We have all had that sick, sinking feeling in our stomachs when we see the red and blue lights on top of a police car pull in behind us, or in some cases as we pass a sitting police car going way too fast.
It sparks anxiety for us, but law enforcement officers (LEO) are just doing their jobs. Let’s take a minute to look at that job. When you leave home, do you have to strap on a bulletproof vest in anticipation you may get shot? I don’t and it makes me appreciate the work officers do for their communities every day.
Now before we get started, let’s talk about the diverse types of law enforcement. If I leave any out, please send me an email to correct me, firstname.lastname@example.org. In most communities, you have local/municipal officers, deputies from the county sheriff’s department, and troopers from the state police or highway patrol.
Those are the basics but add to those bailiffs in the county courthouse, guards in the county jail, state, and federal prisons, and in some cases, even the police/fire/EMS dispatchers are sworn officers, usually of the sheriff or large cities. There are also numerous state and federal agencies with sworn officers and even Union Pacific Railroad has its own law enforcement officers in my hometown. I know this is a lot to unpack.
Police and other LEO get a bad rap when they write us a ticket. I hate it too, but we were breaking the law. In all seriousness, what would we do without these brave men and women who answer the call when we need help or protection? Remember the part about the bullet proof vests?
The week of May 11-17 is National Police Week. Cities, states, and counties all over the country pause to not only acknowledge the men and women currently serving, but to honor those who have given their lives in the line of duty.
Ceremonies and candlelight vigils are held, speeches are given, and tears flow to remember those who left their homes one morning to go to work and never came home to their families. They were just going to work. Makes you appreciate your comfortable desk job, huh.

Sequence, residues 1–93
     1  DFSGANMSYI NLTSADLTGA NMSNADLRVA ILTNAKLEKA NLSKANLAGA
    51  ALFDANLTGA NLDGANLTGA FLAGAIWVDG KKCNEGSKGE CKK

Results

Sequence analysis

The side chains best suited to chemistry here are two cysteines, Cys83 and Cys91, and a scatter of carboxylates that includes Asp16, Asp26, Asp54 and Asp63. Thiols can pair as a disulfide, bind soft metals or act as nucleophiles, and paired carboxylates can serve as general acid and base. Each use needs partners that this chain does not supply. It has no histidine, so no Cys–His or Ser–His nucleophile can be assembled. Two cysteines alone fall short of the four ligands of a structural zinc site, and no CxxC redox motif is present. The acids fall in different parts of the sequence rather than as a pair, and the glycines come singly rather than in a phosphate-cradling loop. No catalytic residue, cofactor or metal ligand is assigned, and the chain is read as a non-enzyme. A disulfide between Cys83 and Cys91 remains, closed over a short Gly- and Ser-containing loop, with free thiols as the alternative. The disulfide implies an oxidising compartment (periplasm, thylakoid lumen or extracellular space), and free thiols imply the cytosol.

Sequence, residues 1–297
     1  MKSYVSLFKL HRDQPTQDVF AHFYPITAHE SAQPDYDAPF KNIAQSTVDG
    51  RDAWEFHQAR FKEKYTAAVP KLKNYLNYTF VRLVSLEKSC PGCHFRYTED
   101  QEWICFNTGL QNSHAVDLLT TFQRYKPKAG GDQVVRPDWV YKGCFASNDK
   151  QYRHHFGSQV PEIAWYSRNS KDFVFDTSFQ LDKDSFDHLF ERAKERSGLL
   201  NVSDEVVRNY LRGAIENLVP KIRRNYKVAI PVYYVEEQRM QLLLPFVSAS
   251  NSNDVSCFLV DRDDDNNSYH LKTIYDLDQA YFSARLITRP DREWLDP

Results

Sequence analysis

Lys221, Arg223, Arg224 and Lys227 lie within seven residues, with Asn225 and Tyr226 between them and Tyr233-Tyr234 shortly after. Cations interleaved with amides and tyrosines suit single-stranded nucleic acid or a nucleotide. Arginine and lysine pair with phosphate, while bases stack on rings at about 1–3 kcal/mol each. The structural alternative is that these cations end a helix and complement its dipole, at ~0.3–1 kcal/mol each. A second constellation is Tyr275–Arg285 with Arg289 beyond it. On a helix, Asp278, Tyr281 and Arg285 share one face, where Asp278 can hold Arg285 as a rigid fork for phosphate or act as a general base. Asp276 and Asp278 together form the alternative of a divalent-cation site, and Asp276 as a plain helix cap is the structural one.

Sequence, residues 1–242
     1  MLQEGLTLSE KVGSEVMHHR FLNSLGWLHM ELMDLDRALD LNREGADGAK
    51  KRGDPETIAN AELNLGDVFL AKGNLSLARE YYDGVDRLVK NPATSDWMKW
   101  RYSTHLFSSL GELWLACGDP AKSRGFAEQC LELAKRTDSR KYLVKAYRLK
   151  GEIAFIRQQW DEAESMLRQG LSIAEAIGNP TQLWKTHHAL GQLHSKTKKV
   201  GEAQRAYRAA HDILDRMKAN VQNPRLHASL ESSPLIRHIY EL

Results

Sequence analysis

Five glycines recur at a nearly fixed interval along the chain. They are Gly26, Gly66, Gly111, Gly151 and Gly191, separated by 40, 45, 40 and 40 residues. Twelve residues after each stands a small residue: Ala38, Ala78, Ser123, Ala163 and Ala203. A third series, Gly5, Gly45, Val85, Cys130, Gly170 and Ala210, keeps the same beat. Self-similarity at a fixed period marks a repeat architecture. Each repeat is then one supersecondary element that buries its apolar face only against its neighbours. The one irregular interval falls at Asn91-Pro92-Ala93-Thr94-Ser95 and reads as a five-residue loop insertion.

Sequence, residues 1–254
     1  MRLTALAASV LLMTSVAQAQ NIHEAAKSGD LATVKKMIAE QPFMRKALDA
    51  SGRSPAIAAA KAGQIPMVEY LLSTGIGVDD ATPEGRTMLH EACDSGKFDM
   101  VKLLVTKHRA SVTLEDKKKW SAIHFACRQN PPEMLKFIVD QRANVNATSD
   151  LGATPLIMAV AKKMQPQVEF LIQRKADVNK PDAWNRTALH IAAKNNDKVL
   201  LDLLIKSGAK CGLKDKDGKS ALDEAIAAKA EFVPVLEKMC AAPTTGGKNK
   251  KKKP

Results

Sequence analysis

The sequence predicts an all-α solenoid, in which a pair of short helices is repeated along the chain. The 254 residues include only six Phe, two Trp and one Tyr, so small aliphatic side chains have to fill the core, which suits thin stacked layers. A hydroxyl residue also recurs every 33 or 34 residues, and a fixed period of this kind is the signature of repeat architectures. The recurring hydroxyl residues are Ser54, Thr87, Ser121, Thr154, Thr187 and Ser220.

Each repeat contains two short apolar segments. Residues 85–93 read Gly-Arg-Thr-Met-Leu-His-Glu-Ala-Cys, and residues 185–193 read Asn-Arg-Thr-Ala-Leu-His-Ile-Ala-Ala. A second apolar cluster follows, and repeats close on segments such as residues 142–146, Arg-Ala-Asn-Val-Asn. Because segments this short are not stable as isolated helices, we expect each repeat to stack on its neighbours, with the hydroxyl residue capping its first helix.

I personally know an LEO who was killed on duty when he was struck head-on by a drunk driver. It can happen in a split second and without the tv and movie dramatics of car chases, explosions and shootouts. He was simply on the patrol, then he was gone forever.
Dispatchers are the lifelines of all first responders. Every police/fire/EMS emergency begins with a dispatcher answering a 911 call. They take down information usually from distraught callers, give them directions on how they can help the situation, and usually stay on the line with the callers until help arrives.
In a matter of seconds, the dispatcher determines the nature and severity of the emergency, and gets the proper agency or agencies rolling to the scene while giving them information to keep the first responders and the callers safe.
Once on scene, all the responders rely on the dispatchers to contact other agencies and resources to mitigate the emergency. It is also the duty of the dispatchers to check on the responders to give status checks for their own well-being and safety. Their role from the first seconds till the last trucks and squad cars are back in service is vital.
Now, let us talk about bailiffs and correctional officers.
Once the police do their jobs and get the criminal off the street, their safety and that of the public is in the hands of this often unseen and overlooked group. Their work each day in detention facilities and courthouses can be just as dangerous as the officers working the streets. Escorting prisoners to and from court, making sure the bad guys stay behind bars, and let’s not forget protecting state, federal, and municipal buildings and the public visiting them.
Everyone who puts on a badge and swears to protect and serve the public day in and day out deserves our respect and gratitude. All joking aside, who else are you going to call? Who answers when you call 911? Who are the people that will be first on the scene when need them?
They are in most cases total strangers willing to give their lives protecting you, your family, and your property. Wisper salutes those holding the thin blue, silver, and yellow lines. Personally, I sleep better at night knowing they are out there to keep me safe.
Wisper Internet thanks these brave men and women for their service. We would also like to thank the families of law enforcement for sharing their heroes with us and enduring the worries and uncertainty that must come with the start of every new shift.
One week a year is not enough to truly acknowledge the sacrifices made.